Why American has changed my perspective on mileage running

As I’ve mentioned probably a dozen times by now, I’m on an Executive Platinum challenge with American, and plan on switching about 100,000 miles per year worth of flying to them. While I’ve had a good understanding of American’s system for several years, I figured I’d share my thought process on them as I do more travel planning with them.

In the past I’ve always been a “pure” mileage runner. That’s to say that my flying domestically is exclusively on revenue tickets, while I redeem miles for international premium cabin award travel. While I have United systemwide upgrades, it can be impractical to use them as a leisure traveler, given that they require a minimum of a “W” fare to use (though my family members love them for travel on Lufthansa, where they’ve had pretty good luck upgrading day of at the airport). To Asia that often translates to a fare of at least $1,500 or so, at least from the east coast. It’s even worse from Australia.

One of the nice things about American is that their systemwide upgrades are valid on all fares, and you get eight of them per year. So as I look into potential mileage runs, I’m noticing that the best runs out there aren’t necessarily domestic ones, at least when everything is factored in. For example, just a couple of days ago, American launched service from Los Angeles to Shanghai, and through June they’re offering double miles on the route, even in discounted coach. The fares between Tampa and Shanghai are about $1,000 roundtrip all-in, which, while not cheap, isn’t half bad when you crunch the numbers.

They allow you to route from Tampa to Miami to Los Angeles to Shanghai, and back the same way. By my math, that’s about 18,650 actual flown miles. As a Platinum or Executive Platinum member you get a 100% mileage bonus, earning you 37,300 redeemable miles. Then as part of the double miles between Los Angeles and Shanghai promotion, you would earn double miles for those two segments as well, for an additional 13,000 or so miles. All in, you’re looking at about 50,000 redeemable miles for the trip.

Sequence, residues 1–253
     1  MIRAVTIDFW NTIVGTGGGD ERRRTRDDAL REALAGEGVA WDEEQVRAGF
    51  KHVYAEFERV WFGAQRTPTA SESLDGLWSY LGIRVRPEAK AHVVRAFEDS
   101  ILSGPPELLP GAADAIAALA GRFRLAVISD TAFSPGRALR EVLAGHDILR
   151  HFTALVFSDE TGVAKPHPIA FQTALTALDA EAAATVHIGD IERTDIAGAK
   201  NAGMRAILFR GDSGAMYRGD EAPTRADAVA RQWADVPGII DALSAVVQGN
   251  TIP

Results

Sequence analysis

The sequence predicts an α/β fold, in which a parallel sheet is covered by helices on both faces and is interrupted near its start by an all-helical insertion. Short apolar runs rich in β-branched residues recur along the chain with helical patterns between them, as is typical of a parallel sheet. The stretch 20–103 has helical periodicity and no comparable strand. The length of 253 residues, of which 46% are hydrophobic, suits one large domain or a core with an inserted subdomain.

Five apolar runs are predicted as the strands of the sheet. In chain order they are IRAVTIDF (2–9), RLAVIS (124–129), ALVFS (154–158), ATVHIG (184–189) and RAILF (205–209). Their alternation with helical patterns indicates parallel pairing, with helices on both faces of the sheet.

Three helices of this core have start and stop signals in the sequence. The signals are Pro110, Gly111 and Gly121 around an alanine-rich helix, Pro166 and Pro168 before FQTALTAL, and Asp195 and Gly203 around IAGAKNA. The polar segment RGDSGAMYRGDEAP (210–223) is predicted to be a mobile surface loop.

Now, American doesn’t always have double miles offers on routes, though they do frequently when they launch new routes, much more so than United.

In other words, as an Executive Platinum member, for $1,000 bucks I’m looking at a vacation to Shanghai in business class, first class lounge access along the way, about 19,000 elite qualifying miles, and about 50,000 redeemable miles. If you conservatively value American miles at 1.5 cents each, you’re looking at $750 worth of redeemable miles, making the real “cost” of the trip $250.

Frankly, that sounds pretty darn good to me overall. So while Executive Platinum will likely cost me a bit more to achieve than 1K with United, this seems like a comfortable way to turn mileage runs into mini-vacations, something I haven’t found all that practical with United.

So as I write this I’m by no means trying to turn into an American cheerleader, because I’m not. United’s still my airline. But instead I’m just trying to give a United flyer’s perspective on American as I start to plan my trips with them. They’re a different “animal” in many ways, some good, some bad.

Filed Under: American, Mileage Runs
  1. The real question is how often does American overbook their flights and what do they offer as VDB compensation…

  2. Don’t forget to factor in your China visa, which is about $140 now I think. All in all, probably worth it if you get a chance to enjoy some Xiao Long Bao while you’re in Shanghai!

  3. $130something + Fedex costs for the Visa (as I assume there’s no consulate in Tampa). Shanghai is a nice city though especially if you go at the right time of year.

  4. As far as upgrades, is it true American doesn’t do domestic upgrades like UA’s UDU? And with the challenge do you get status first and then keep it or do you need to earn it? Not sure how your spending 1k and getting business class if you don’t have Systemwises yet?